Clear Skies and a Clear Conscience?

Why living green through carbon offsets may be a dangerous fantasy


| November 9, 2006


If you've heard celebrities, politicians, and even friends buzzing about how they've eliminated the negative environmental effects of their car or plane travel by going 'carbon neutral' or using 'offsets,' you may be wondering exactly what they're talking about. What most people mean when they speak of carbon offsetting is the notion that planting trees will remove -- or at least balance out -- carbon dioxide released into the atmosphere when we drive cars or heat our homes. Another incarnation of offsetting declares that emissions circumvented through increased energy efficiency (say, driving a hybrid or installing better insulation) are 'savings.'

If you're still scratching your head, wondering how compensating for a gas-guzzler with a sapling and some fluorescent light bulbs adds up to a cleaner environment, you may be on the right track. While these steps could indeed make Mother Earth happy, critics say that offsets aren't a pass to continue our travel-filled, wasteful lifestyles unabated. In fact, some argue, they may not even work.

In an effort to clear the confusion, WorldChanging -- the website on all things sustainable -- solicited Dr. Ron Dembo of ZeroFootprint (the company hired to offset WorldChanging's current book tour) and journalist Clive Davidson to write a response to criticisms of the offsetting system. Dembo and Davidson address the important conundrum that offsetting may actually encourage us to pollute by eliminating the guilt associated with it. The team proposes that offset companies should also require some reduction in emissions overall.

For ZeroFootprint, the answer seems to be use less and offset the rest. A New Internationalist piece by Adam Ma'anit, however, takes a more skeptical view, arguing that the logic behind offsetting is 'hotly disputed.' Trees are, at best, a temporary storage place for carbon dioxide. When they die -- naturally, by fire, or through harvesting -- the carbon is released back into the atmosphere from which it came. Carbon removed from the ground in fossil fuels, however, is released into the atmosphere permanently.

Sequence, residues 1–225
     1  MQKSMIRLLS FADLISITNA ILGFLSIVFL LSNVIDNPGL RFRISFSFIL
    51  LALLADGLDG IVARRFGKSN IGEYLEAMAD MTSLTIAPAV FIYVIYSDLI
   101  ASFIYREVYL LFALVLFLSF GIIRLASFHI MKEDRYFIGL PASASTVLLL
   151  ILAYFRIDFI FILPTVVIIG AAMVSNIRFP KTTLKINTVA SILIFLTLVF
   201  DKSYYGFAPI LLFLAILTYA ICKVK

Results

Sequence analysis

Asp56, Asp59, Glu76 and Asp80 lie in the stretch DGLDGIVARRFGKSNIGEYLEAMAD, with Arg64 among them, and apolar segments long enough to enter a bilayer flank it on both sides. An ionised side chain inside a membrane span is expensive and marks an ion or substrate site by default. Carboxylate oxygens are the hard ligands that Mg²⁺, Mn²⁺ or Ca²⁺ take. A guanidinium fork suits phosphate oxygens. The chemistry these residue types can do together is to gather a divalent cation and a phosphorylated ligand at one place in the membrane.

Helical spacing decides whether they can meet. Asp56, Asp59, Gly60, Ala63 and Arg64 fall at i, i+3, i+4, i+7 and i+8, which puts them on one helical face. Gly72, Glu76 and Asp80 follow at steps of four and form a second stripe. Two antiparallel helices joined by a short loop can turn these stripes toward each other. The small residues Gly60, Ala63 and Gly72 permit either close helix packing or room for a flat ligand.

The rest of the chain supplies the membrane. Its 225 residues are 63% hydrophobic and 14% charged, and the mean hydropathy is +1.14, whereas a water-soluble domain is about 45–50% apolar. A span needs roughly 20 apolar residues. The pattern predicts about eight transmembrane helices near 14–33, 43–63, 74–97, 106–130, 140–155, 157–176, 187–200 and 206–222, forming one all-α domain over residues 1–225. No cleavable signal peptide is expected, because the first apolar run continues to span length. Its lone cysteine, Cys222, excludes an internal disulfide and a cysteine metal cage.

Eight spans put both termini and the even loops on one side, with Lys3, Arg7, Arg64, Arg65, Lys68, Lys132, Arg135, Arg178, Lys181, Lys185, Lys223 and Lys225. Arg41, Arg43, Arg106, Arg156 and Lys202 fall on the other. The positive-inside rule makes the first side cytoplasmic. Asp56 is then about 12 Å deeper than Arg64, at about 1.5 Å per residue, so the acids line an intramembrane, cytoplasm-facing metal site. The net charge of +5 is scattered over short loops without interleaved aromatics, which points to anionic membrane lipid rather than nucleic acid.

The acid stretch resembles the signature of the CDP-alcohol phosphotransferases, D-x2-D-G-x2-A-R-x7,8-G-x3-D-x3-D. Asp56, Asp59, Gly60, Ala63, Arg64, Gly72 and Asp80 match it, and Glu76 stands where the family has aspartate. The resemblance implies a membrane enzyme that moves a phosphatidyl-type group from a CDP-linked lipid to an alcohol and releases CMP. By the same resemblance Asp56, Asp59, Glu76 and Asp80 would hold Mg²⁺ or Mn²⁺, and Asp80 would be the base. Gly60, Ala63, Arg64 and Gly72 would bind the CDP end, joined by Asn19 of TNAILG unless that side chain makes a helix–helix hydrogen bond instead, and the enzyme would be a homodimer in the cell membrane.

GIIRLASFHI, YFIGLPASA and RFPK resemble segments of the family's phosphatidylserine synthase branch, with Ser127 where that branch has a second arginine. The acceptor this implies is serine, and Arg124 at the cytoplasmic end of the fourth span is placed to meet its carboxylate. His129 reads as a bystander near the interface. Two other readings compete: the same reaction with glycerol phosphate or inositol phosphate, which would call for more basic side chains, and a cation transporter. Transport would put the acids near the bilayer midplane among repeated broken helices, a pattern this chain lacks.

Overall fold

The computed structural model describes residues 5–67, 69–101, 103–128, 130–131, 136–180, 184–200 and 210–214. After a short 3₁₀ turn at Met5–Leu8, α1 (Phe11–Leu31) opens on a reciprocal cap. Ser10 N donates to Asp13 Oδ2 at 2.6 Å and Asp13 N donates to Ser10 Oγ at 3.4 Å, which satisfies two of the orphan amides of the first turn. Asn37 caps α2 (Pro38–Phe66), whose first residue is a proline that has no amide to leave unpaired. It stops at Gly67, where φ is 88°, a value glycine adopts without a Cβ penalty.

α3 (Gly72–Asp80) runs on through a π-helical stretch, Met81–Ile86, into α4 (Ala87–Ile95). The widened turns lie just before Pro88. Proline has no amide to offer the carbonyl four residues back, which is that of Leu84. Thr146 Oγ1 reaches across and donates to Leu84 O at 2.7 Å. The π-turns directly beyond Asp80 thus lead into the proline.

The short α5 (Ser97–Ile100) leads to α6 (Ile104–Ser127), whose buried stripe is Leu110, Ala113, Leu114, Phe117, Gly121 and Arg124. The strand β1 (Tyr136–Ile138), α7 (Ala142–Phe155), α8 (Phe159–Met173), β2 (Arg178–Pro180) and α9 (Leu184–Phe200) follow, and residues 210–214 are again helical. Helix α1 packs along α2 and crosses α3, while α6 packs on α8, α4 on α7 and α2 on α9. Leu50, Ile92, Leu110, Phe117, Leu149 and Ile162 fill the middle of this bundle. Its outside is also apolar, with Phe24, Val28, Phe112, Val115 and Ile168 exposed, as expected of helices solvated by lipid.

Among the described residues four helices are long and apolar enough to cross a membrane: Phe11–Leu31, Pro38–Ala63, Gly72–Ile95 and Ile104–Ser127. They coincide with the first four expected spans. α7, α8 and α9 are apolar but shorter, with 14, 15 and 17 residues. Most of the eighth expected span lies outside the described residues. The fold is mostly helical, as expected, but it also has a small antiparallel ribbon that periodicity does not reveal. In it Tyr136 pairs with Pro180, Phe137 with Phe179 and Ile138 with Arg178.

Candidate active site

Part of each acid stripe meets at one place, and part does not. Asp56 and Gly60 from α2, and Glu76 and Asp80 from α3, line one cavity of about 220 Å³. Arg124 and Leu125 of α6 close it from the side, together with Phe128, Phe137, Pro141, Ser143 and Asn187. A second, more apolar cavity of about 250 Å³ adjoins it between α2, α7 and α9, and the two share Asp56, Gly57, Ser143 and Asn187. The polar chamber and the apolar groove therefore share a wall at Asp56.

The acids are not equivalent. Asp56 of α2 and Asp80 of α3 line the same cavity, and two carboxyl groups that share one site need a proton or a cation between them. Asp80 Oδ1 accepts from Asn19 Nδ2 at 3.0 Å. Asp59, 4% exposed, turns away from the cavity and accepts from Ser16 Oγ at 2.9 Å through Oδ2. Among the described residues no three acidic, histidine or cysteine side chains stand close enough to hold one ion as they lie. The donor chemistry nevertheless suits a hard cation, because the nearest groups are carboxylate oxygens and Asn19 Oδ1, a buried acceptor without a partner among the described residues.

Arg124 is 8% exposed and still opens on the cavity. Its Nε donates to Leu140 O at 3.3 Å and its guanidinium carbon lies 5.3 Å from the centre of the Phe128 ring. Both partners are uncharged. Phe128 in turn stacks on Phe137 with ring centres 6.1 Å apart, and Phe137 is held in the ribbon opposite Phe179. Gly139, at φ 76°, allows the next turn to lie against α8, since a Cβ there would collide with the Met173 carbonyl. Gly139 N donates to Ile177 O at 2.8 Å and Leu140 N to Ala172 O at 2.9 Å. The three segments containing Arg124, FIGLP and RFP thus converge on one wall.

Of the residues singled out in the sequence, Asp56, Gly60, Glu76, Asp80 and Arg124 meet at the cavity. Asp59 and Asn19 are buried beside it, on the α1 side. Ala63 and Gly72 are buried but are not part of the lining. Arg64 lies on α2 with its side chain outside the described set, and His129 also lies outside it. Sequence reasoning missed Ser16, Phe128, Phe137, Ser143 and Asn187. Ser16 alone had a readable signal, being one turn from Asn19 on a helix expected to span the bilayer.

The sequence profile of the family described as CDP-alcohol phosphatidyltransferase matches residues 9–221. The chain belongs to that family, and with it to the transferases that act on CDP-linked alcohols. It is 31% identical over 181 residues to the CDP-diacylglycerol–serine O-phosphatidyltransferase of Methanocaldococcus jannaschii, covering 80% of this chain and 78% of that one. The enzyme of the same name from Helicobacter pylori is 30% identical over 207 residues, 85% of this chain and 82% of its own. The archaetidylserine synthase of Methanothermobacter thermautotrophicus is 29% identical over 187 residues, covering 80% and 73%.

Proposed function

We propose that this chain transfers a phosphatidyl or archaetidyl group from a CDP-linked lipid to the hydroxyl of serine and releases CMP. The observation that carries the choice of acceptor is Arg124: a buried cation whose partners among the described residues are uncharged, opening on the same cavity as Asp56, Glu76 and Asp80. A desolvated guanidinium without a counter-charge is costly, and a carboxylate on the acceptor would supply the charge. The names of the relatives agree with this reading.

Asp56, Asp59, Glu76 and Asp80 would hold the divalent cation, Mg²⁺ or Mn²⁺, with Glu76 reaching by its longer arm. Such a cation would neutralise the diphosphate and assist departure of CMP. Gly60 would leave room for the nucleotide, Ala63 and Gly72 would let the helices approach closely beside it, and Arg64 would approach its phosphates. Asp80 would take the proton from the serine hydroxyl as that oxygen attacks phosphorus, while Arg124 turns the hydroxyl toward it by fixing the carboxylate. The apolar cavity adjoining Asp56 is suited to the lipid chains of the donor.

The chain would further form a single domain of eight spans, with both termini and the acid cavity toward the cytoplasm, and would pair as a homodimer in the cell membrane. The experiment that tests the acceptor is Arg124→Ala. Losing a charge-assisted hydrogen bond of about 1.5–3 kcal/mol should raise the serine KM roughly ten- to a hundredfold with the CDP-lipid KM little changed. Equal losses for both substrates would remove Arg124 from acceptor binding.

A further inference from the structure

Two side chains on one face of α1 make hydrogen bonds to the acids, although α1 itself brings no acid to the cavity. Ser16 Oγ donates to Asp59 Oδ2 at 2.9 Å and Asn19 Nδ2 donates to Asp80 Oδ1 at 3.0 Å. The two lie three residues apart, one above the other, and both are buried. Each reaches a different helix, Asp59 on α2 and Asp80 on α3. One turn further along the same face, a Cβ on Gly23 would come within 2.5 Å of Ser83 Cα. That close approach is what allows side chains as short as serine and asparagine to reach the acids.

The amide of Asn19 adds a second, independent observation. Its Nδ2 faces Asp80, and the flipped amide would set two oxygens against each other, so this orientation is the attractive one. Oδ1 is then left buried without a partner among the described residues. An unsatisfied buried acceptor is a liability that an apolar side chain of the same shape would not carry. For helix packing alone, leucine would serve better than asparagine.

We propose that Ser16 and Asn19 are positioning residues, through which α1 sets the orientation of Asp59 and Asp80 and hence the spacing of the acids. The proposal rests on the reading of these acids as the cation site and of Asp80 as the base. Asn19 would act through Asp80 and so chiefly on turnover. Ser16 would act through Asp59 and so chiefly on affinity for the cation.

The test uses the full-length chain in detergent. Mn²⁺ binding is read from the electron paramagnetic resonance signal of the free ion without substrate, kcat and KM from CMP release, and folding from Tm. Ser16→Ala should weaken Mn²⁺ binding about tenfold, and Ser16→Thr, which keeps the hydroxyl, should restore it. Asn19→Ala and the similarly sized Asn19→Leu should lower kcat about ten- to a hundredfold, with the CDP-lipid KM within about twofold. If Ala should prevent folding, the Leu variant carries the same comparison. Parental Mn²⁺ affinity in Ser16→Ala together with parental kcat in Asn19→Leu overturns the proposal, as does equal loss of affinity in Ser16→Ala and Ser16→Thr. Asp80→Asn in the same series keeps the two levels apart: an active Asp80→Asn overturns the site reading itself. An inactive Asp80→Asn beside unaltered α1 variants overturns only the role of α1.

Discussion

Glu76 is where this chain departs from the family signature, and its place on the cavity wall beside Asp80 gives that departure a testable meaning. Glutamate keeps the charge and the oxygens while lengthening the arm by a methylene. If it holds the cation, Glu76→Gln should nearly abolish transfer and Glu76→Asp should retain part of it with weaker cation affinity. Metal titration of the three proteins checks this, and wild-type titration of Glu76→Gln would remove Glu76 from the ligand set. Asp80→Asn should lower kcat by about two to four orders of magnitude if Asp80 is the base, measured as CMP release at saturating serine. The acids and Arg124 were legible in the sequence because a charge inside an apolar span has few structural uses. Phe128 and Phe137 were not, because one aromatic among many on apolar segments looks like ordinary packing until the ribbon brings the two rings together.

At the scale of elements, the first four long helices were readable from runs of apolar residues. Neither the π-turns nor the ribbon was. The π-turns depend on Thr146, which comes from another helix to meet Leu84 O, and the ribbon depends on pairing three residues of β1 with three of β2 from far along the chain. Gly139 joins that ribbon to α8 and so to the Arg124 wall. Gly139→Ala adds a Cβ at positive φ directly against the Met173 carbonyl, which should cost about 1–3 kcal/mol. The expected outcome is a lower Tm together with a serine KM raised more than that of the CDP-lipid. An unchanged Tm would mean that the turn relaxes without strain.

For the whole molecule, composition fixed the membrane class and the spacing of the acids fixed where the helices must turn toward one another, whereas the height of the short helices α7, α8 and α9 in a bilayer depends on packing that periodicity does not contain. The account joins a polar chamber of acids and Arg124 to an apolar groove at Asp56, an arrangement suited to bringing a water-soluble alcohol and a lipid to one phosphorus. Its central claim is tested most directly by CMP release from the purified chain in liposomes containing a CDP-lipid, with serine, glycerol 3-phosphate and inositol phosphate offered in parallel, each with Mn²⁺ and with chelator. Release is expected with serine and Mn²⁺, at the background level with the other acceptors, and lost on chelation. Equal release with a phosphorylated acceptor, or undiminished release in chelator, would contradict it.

And according to Ma'anit, even if climate offsets did work, they still cause harm by enabling projects or justifying lifestyles that should be reined in. What's more, the exotic tree species often planted as offsetters rarely absorb the amount of carbon they are projected to -- perhaps because many of them die in habitats they weren't bred for -- and they have been known to degrade the land they are planted on. Added to that is the fact that the entire business is steeped in encroachment on native land in the global South, where the trees are planted, though some clever marketers now promote commandeering of the land as positive 'development.'

Ma'anit's critique is a scathing, and perhaps demoralizing, one. Some may prefer Dembo and Davidson's middle path of using offsets as the last option, after 'reduce, recycle or restore.' There may be some instances where neutralization is in order -- recycling, they write, creates emissions that could be offset. And even Ma'anit approves the use of 'some well-designed and appropriate tree-planting projects,' though he remains clear that we will never 'consume our way out' of climate change. The only real answer, concludes Ma'anit, lies in social change -- using less and making what we do use truly renewable.